Marc Benioff; Jeff Bezos (AP/Photo montage by Salon)

When billionaires decide it might be fun to run a newspaper (or a magazine)

Marc Benioff's purchase of Time is only the latest symptom of a spreading trend — led of course by Jeff Bezos


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Jim Naureckas
September 24, 2018 12:00PM (UTC)
This article originally appeared at FAIR.org. Used by permission.

The announcement that Time magazine would be bought by software CEO Marc Benioff highlighted the growing trend of billionaires buying up media outlets. While media moguls have always been wealthy — with press barons (Rupert MurdochMichael Bloomberg, Donald Newhouse, etc.) still well-represented on Forbes’ running list of the world’s billionaires — what distinguishes this new breed of press magnate is that they bought their media properties with fortunes made in other industries.

Some, like Benioff, come out of the tech industry; tech tycoons like Amazon’s Jeff Bezos, eBay’s Pierre Omidyar and Steve Jobs’ widow Laurene Powell Jobs have profited from a tech boom (or bubble) that gives them plenty of cash to spend. Others come out of the financial sector, which has doubled its share of the U.S. economy over the past 70 years. Real estate developer Mort Zuckerman — who owned The Atlantic from 1980 to 1999 and the Daily News from 1993 to 2017, and still owns US News & World Report, which he bought in 1984 — was a harbinger of non-media money coming into the media sector.

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Wherever their money comes from, the new moguls’ interest in buying up outlets is generally less the direct profit involved — media profits are typically declining as the old local monopoly model erodes — and more the power that comes with control of the public conversation. Being a latter-day Citizen Kane is a personal ego boost, to be sure, and provides a platform for an individual ideology — whether it’s Philip Anschutz’s social conservatism or Omidyar’s civil libertarianism.

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But it also can be a tool to advance more personal interests: Sheldon Adelson is a fervent supporter of Israel and its Likud Party, but he bought a Las Vegas paper when it was running critical coverage of a lawsuit that threatened to shut him out of the gambling business. Bezos’ purchase of the Washington Post instantly made him the most powerful media figure in the nation’s capital — a handy position to be in when your company is seeking multi-billion-dollar government contracts.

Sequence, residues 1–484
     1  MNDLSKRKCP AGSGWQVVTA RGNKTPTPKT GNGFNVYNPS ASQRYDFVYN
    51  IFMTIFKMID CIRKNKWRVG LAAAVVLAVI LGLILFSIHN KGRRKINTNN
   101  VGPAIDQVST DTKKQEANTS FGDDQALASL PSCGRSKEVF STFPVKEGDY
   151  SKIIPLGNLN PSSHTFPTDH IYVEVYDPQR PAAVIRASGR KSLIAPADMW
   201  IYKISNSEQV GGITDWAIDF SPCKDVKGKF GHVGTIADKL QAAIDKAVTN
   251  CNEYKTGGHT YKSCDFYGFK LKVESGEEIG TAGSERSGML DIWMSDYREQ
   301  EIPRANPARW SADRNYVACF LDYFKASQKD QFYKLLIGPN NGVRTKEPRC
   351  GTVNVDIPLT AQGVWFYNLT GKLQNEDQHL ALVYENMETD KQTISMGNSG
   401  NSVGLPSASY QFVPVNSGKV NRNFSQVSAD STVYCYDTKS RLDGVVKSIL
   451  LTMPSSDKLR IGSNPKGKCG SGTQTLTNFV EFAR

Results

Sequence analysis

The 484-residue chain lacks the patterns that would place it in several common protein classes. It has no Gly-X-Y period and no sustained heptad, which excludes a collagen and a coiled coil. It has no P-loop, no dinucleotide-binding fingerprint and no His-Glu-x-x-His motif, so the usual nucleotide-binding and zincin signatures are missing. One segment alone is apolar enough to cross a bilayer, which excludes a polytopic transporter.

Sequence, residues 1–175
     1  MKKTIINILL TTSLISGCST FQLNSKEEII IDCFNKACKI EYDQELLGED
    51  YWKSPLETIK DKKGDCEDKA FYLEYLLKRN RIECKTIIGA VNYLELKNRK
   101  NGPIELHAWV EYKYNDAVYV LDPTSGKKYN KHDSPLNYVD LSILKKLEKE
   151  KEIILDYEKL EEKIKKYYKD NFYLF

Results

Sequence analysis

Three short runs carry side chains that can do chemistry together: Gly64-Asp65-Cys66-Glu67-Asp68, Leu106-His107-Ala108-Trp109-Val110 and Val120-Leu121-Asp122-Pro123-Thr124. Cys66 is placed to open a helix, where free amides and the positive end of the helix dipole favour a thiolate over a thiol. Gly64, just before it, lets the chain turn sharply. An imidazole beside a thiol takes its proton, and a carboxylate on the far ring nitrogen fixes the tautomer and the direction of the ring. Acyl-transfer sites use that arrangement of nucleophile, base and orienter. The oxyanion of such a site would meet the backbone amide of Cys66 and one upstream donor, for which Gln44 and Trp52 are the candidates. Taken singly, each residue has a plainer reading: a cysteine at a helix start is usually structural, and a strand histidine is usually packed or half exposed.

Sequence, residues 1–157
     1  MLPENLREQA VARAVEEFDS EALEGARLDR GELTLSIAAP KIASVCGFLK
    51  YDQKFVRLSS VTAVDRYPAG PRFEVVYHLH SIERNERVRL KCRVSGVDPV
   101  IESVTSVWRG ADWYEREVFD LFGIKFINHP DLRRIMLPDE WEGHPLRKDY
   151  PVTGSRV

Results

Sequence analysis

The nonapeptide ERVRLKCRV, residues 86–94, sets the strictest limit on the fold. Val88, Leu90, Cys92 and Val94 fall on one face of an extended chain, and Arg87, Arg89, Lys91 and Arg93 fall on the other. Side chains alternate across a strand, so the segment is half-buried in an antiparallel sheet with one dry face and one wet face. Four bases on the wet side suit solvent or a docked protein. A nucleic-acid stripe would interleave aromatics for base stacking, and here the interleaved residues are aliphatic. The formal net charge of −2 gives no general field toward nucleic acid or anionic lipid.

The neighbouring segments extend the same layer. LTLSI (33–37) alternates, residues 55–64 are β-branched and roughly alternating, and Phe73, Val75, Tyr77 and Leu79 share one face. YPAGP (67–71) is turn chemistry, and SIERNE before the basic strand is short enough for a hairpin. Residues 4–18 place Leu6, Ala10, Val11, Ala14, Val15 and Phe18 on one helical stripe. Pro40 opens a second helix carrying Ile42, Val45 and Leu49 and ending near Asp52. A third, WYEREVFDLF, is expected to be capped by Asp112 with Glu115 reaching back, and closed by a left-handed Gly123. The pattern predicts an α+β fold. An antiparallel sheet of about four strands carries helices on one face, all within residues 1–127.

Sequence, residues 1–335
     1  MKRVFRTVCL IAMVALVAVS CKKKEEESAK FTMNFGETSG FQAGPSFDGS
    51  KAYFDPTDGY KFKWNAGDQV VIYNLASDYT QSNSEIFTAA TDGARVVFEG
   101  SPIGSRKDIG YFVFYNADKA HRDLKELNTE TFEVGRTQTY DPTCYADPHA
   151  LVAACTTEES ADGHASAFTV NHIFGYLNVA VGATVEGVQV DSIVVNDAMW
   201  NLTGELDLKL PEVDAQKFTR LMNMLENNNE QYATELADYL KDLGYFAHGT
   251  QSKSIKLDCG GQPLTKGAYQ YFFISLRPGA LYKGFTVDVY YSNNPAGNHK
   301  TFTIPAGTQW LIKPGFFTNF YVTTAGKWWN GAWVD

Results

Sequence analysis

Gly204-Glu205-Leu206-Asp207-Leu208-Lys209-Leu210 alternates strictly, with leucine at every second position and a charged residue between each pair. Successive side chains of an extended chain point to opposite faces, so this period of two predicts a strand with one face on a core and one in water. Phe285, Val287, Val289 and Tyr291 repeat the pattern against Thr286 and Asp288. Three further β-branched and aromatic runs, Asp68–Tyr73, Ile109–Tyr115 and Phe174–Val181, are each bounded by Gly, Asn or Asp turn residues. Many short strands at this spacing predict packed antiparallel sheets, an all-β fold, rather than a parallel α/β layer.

Whatever the motivation, billionaires buying up media is another step toward oligarchy, as a handful of super-wealthy individuals assume power over crucial news outlets, both locally and nationally.

Research: John McCullough

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Billionaire Media Owned Net Worth Source of Wealth
Jeff Bezos Washington Post $112 billion Amazon
Warren Buffett Buffalo NewsOmaha World-HeraldBusiness Wire, etc. $84 billion Finance
Sheldon Adelson Las Vegas Review-Journal $39 billion Casinos
Laurene Powell Jobs The Atlantic $19 billion Apple
Philip Anschutz Weekly Standard, Washington ExaminerOklahoman,
Colorado Springs Gazette
$13 billion Oil
Pierre Omidyar The Intercept $11 billion eBay
Patrick Soon-Shiong Los Angeles Times,
San Diego Union-Tribune
$8 billion Biotech
Marc Benioff Time $5 billion Tech
Mort Zuckerman US News & World Report $2.8 billion Real estate
Glen Taylor Minnesota Star-Tribune $2.6 billion Printing
John Henry Boston Globe $2.5 billion Finance
Joe Mansueto Inc., Fast Company $2.5 billion Finance

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Jim Naureckas

Jim Naureckas is the editor of FAIR.org, the website of Fairness & Accuracy In Reporting. Since 1990, he has edited Extra!, FAIR’s print publication, now a monthly newsletter. He is the co-author of "Way Things Aren’t: Rush Limbaugh’s Reign of Error," and co-editor of "The FAIR Reader: An Extra! Review of Press and Politics in the ’90s." Follow him on Twitter: @JNaureckas.

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